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Gen X. Gen Y. Risk Vs. Reward

I recently worked with a young couple, she 28 – he 35. They represent Generation X and Y respectively. They are risk averse and find it difficult to make decisions. I didn’t understand why until Ms. Buyer noted, “Michael, we’ve grown up only knowing bad real estate conditions.” Maybe there is more at play.

Gen X and Y buyers grew up in an age where risk was removed from their lives by Boomers. In addition, X’s and Y’s live in a world that spurns ownership in many other areas – movies are rented from Netflix, music provided free by Spotify or Pandora, and cars rented through Zip Car. In addition, they are growing up in a period of high student debt, marginal economic times, and in a period when good jobs and career advancement can be difficult.

Collectively, it became clear to me why deciding whether to own and what to own may be more difficult for Gen X and Y home buyers. As an aside, it is a benefit of my job that I get to learn about matters beyond real estate from these young home buyers.

An article by a Boston College economist, Alicia H. Munnell argues that more than half of Americans are saving too little to support an adequate lifestyle if they plan to retire at 65. From behavioral economics it is clear that when savings are put on automatic pilot – that is money set aside automatically and on a regular basis – people save. When people are asked to set aside money on their own, they do not.

Home ownership for me represents a forced method of saving. I was not a good saver until age 37 or thereabouts (ironically about the time I married), so from 27-37, I purchased real estate. I’ve written of how well the approach worked for me in past newsletters.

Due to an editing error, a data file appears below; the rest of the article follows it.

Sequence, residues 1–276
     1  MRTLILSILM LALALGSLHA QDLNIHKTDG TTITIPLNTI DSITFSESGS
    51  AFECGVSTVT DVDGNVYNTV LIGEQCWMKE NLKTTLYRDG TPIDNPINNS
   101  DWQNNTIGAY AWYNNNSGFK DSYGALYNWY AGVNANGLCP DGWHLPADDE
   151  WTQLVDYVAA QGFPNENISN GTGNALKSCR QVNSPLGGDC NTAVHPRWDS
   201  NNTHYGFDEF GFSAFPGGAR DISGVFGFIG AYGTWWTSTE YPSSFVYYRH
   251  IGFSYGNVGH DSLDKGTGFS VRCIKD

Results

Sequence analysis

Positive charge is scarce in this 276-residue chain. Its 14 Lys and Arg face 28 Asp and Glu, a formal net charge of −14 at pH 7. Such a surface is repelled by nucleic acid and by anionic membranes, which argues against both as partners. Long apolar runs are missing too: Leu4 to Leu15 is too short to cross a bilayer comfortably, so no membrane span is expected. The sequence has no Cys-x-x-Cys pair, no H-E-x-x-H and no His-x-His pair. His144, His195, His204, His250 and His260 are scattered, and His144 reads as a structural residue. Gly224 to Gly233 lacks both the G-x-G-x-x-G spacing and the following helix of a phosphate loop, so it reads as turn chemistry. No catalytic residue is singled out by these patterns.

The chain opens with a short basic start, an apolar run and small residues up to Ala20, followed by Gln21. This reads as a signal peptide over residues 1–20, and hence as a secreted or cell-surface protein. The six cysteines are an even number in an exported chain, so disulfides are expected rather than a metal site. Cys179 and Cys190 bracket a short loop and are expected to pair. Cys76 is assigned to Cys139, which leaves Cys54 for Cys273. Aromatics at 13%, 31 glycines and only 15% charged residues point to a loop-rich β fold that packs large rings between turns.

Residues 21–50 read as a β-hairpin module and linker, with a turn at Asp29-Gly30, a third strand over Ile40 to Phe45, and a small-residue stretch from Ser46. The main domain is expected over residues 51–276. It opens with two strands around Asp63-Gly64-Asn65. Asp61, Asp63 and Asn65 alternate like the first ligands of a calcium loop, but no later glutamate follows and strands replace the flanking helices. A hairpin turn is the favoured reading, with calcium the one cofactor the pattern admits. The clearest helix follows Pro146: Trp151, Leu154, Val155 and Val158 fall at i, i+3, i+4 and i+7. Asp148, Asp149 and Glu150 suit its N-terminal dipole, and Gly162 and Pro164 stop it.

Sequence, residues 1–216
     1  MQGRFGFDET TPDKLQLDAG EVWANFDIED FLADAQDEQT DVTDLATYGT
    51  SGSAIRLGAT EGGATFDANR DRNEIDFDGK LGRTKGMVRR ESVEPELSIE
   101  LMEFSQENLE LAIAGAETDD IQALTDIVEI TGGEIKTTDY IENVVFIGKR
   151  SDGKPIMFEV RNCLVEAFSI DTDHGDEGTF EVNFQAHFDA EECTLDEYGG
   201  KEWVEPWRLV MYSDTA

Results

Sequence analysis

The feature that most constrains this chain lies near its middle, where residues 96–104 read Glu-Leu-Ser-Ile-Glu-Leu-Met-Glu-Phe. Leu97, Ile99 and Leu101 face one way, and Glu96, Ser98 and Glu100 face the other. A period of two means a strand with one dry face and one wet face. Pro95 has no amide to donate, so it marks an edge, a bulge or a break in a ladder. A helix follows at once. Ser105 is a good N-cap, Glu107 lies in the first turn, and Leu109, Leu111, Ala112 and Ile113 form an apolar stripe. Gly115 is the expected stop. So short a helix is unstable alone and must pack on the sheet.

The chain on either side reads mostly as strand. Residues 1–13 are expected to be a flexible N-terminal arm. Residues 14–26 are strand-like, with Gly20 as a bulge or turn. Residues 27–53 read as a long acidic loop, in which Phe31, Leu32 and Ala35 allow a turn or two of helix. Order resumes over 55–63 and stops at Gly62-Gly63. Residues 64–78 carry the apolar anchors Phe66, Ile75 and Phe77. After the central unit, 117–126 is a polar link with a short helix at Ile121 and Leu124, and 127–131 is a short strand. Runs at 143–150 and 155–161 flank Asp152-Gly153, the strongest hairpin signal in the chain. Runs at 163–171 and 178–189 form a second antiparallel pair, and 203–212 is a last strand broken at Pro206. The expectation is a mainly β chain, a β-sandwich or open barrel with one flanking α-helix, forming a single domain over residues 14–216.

Since you need a place to live – discounting living with mom and dad forever – (they asked me to put that plug in) you have two choices: own or rent. If you own, you are in the forced savings mode. If you rent, you must count on setting money aside on your own. Behavioral economics says you won’t do that.

I acknowledge the experience of Gen X and Y buyers. The real estate market they know and our economic times cause concern. How might Homebuyer Associates help?

The best thing we can do is provide information to help you make informed choices – and not sell you a home. Otherwise you risk making no choice or a bad choice. There is much to cover. I’ll have more to say (surprise) on these topics in upcoming E-Notes.

Until then, I’m available for coffee if you want to meet to discuss your real estate questions. If you have a home to sell, we can discuss how to manage the sell/buy process (we’ll handle the buy part) or – if you just want to discuss whether or how to buy your first home, the cost remains the same – a cup of coffee. Thanks for reading.

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Homebuyer Associates
1835 N. Riverwalk Way
Milwaukee, WI 53212
Phone: 414-254-4129